I have some confusion regarding my workspace function. This month our organization have a big annual function and I was selected by my team leader to help out for that day. The problem is that 2 days before our function my best friends have a marriage and he has invited me. I need to go some days beforehand and I have to journey 1000km.

But as the point of view of my office party I want to become the point of attraction towards my all seniors (I am fresher) in the arrangement of function so I don't want to miss the participation and shows some my extra skills in arrangement. But to go for leave before the party and not participation in the making all the things like planning, arrangement of that day function, does this give fine impression on my seniors?

Should I go for leave or not?

  • 1
    No one here can make your priorities for you - this is entirely something you need to decide for yourself. What is more important for you (short and long term) - your friend or the company you are currently working for?
    – Oded
    Commented Sep 3, 2012 at 8:56
  • i am currently working as junior php developer. Commented Sep 3, 2012 at 9:00
  • 3
    What's that got to do with it? You have a personal decision to make and no one here can make it for you.
    – Oded
    Commented Sep 3, 2012 at 9:03
  • 1
    no oded i just want to know by the professional point of view is this give bad impression? Commented Sep 3, 2012 at 9:07

2 Answers 2


There are three options here as far as I can see.

Miss your friend's wedding

Only you know how close a friend this is, and what difference this will make to your relationship long term.

Miss the work function

Your reason for doing so seems entirely reasonable to me, but I don't know your employers or your work environment. How do you think they'd react? Personally, if someone in my team had this reason for missing a work function, I'd think no less of them for it. My own feeling FWIW is that anywhere that would object to this is probably not somewhere I want to continue working...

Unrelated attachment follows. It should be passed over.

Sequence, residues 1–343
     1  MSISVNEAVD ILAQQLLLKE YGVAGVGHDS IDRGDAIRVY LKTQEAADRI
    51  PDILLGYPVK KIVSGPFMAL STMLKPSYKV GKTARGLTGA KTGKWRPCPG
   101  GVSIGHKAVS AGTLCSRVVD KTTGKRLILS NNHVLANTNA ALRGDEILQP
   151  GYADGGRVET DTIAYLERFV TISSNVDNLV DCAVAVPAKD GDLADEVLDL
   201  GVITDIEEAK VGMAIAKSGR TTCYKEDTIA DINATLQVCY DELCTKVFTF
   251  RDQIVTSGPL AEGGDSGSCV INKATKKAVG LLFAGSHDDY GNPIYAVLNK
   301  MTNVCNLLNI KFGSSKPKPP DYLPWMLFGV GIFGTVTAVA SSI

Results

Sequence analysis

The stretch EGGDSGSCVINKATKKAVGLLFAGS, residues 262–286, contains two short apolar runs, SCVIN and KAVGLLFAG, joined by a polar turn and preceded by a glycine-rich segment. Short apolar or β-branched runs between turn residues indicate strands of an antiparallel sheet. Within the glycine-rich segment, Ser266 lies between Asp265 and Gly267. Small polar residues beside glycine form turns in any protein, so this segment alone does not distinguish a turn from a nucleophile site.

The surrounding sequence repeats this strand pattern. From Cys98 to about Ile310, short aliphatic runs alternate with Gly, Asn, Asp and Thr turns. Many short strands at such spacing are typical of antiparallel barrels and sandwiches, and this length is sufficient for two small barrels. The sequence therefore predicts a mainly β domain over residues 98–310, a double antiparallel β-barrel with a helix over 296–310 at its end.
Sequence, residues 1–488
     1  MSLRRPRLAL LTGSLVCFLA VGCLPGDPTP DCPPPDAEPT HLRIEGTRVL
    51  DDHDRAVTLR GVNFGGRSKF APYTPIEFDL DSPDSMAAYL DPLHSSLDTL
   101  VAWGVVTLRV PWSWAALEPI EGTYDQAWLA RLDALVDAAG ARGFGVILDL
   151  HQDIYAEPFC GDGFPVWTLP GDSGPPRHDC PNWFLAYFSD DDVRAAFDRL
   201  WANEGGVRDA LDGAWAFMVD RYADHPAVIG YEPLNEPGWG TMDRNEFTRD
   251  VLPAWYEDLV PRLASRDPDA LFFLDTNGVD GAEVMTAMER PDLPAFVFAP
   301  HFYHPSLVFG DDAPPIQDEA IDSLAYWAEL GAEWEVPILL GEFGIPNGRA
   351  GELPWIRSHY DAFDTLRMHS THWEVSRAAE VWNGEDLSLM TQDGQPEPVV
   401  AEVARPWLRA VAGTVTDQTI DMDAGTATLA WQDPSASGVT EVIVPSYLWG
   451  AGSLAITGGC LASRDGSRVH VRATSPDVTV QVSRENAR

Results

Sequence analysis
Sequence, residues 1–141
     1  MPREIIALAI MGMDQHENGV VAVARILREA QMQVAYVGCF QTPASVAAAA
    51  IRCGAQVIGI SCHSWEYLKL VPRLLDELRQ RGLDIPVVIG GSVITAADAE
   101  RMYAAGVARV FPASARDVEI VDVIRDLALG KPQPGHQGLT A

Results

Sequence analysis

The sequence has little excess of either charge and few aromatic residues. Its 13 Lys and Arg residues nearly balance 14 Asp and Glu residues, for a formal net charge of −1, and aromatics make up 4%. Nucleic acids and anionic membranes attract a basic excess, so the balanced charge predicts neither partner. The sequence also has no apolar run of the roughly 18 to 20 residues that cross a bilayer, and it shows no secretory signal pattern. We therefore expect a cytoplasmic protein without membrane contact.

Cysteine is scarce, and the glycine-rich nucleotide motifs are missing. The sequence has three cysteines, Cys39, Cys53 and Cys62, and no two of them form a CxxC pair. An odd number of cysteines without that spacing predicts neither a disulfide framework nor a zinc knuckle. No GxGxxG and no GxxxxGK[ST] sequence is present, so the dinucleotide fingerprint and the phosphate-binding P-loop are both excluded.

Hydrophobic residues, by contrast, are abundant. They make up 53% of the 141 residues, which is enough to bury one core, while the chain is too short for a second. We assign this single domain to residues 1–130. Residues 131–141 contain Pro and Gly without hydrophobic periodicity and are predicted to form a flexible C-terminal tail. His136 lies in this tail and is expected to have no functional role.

Juggle things so you get back for the work function, but miss much of the preparation

I don't know the practicalities of this. You could offer to do what you can in the period you would be at work, but say that for the last few days you will be at a good friend's wedding. It all depends on the timings. There will be some repercussions of this at work, no doubt, but you'll be there at the event, and you'll have contributed to it as far as you can without upsetting your good friend.

Overall, as Oded says in his comments, this is going to be a personal decision for you. But to help you make it, try to put yourself into the shoes of your manager and your friend, and work out in each of these three scenarios how the message you are delivering is going to be received.

  • Based on the distance involved and the fact it is in a few weeks may mean that some money has already been committed to attending the wedding. This frequently has to be part of the equation. Commented Sep 3, 2012 at 11:49

You have to act quickly and talk to your task leader. A wedding is the type of a personal event that can trump the work situation. As soon as you realized the potential conflict, you should have mentioned this to your task leader. You could have then discussed this with them before the word spread that you will be a part of the team working on this event.

Due to the timing of the wedding you may not be able to even attend the event.

You also need to be understand if the majority of your tasks related to this event will be focused on the day of the event. Due to the fact that you are very new you probably will not have much of a role in planning the event. Because this is an annual event the planning started the day after the last event.

Because the event is unrelated to your actual job as a PHP developer, it is unlikely that your job performance will be impacted by your inability to participate. It isn't like you are the head of the IOC, and the event is the Olympics.

While the decision to attend is personal, I believe that you are over-estimating the events potential impact on your career. This quandary you are facing is not unusual. There are many clashes between personal events. In many case the importance of one trumps the other, in some cases it is ruled by timing. In this case the wedding probably wins on both counts.

Address this issue the next time you see your task leader, and have the discussion in person not by email. Just knock on their door and say "Do you have a minute? We need to discuss this new task..."


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